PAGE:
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Video details Chinese Christian’s torture

NASHVILLE, Tenn. (BP)–Gao Zhisheng, a Christian human rights attorney in China, has been missing for more than 100 days, and a new video describes the torture he endured previously at the hands of government officials.

The video, released by China Aid and Voice of the Martyrs, is a dramatic re-enactment of Gao’s account, which also is available in written form at www.freegao.com.

Four U.S. Senators have gotten involved in the case, calling for the Chinese government to release Gao. In a May 14 letter to Chinese President Hu Jintao, Sens. Sam Brownback (R-Kan.), Chris Dodd (D-Conn.), Byron Dorgan (D-N.D.) and Russ Feingold (D-Wis.) said they fear Gao’s life “may be in grave danger.”

“Mr. Gao’s disappearance appears to be a violation of both Chinese and international law,” the senators wrote. “We urge your government to inform the concerned public of his whereabouts, to guarantee Mr. Gao’s right to be free from arbitrary detention, and to secure his release.”

Gao, a 2008 Nobel Peace Prize nominee and a Chinese army veteran, was voted one of China’s top 10 lawyers in 2001 by a Chinese ministry of justice publication. In 2007 he sent an open letter to the U.S. Congress detailing widespread human rights abuses in China.

Following the letter, Gao was kidnapped and held by public security officers for more than 50 days, being physically and verbally tortured repeatedly, as recounted in the video.

“He was told that he would be killed if he told anyone about what happened,” the senators wrote in the letter. “Mr. Gao was last seen on February 4, 2009 at a relative’s home, where more than 10 public security officers and others forcibly removed him from bed and whisked him away to an unknown location. Mr. Gao’s whereabouts are still unknown.”

In addition to his wife, Geng He, Gao has a 16-year-old daughter and 5-year-old son. The three of them also have been subject to harassment from the Chinese government, and in March they were granted political asylum in the United States.

Two organizations, China Aid and Voice of the Martyrs, are urging concerned citizens to join the more than 70,000 people who have signed a petition for Gao’s release, which will be presented to the Chinese Embassy in Washington. They hope the petition will make the Chinese government aware that the world is watching the situation and does not approve of the inhumane treatment Gao has undergone.

“Freedom is one of the most important spiritual factors of a human being. In addition to physical needs, man also has his equally important spiritual needs, which is a blessing given by God,” Gao wrote in his 2007 letter to Congress.

“However, the Chinese people are ruthlessly deprived of this blessing. In China, freedom is not only a luxury item, but it also regarded as a dangerous item by the dictators. The suppression of people’s longing for freedom is against human nature and against heavenly principles,” Gao wrote.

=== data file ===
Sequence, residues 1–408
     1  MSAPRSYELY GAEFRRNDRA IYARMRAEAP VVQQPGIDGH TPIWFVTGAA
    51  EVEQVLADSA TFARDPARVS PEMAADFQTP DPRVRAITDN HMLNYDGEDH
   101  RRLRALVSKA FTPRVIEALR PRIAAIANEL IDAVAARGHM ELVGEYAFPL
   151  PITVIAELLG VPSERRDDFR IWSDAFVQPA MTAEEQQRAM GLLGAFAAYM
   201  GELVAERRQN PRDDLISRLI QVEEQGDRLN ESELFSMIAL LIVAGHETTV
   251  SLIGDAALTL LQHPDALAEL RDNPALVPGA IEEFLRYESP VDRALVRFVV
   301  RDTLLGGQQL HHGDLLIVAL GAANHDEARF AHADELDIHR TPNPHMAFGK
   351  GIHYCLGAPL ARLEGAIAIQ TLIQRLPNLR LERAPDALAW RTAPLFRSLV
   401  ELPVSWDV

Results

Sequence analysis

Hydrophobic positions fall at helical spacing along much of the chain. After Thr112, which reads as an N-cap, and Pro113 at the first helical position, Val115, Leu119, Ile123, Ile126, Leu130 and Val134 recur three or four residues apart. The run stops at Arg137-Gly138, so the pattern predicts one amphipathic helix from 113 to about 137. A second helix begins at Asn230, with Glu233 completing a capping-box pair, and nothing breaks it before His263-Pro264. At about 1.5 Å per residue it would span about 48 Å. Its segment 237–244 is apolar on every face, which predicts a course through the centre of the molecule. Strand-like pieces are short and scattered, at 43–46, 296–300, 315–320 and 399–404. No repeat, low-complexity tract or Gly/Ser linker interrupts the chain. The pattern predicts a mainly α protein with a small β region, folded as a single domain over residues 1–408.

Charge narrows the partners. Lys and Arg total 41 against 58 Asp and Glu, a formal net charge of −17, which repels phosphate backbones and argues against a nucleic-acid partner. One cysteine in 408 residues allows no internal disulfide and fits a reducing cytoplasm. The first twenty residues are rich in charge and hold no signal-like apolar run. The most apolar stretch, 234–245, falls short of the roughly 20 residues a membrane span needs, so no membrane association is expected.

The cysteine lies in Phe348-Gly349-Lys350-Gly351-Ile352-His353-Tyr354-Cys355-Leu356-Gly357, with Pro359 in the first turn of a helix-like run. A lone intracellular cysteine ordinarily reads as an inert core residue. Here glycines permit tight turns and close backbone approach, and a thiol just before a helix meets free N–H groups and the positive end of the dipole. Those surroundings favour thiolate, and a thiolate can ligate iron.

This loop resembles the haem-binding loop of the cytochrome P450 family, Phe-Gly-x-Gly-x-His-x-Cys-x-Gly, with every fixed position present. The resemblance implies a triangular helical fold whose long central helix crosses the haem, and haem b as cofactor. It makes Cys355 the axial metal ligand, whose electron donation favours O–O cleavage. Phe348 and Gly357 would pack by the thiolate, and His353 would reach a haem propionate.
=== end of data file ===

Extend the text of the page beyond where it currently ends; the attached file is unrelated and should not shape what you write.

In a speech on the Senate floor in April, Dorgan, chairman of the Congressional-Executive Commission on China, urged action toward Gao’s release.

“There are many today that languish in dark cells, dark cells of Chinese prisons, just because they spoke out to defend the rights of others,” Dorgan said. “None have done so more than Mr. Gao, who is a noted and celebrated human rights lawyer, who has lost his law office, lost his license, been imprisoned now twice, has now disappeared into the prison system, where tortured before, we expect is being tortured again, and we need to put a stop to it.

“We need to find a way to convince the Chinese government to tell us what has happened to Mr. Gao; what have they done with him, how do they justify it and when, when, when will they tell us that they will release this man to be with his family and begin to accord people like Mr. Gao, and others who stand up for the rights of others, the same human rights that we would expect them to be given?” Dorgan said.

Gao’s wife wrote an open letter to Congress in April, urging them to use their international influence to reduce persecution in China.

“Honorable members of the U.S. Congress, please help me support my husband, lawyer Gao Zhisheng, so that the evil forces will know that there is resistance against persecution; so that the millions of Chinese suffering this despotic rule will know that the United States is concerned about their human rights situation, and will not give up,” she wrote.

“My husband would be more resolute because of this, the Chinese people would feel inspired because of this, and China and the world would eventually transform because of this.”
Compiled by Baptist Press staff writer Erin Roach.
WARNING: The depiction of the torture described by Gao Zhisheng is realistic. Some effort has been amde to bleep out cursing. However, the langauge and visuals are GRAPHIC. View the video at http://www.youtube.com/watch?v=wRh6DmMUn5A.

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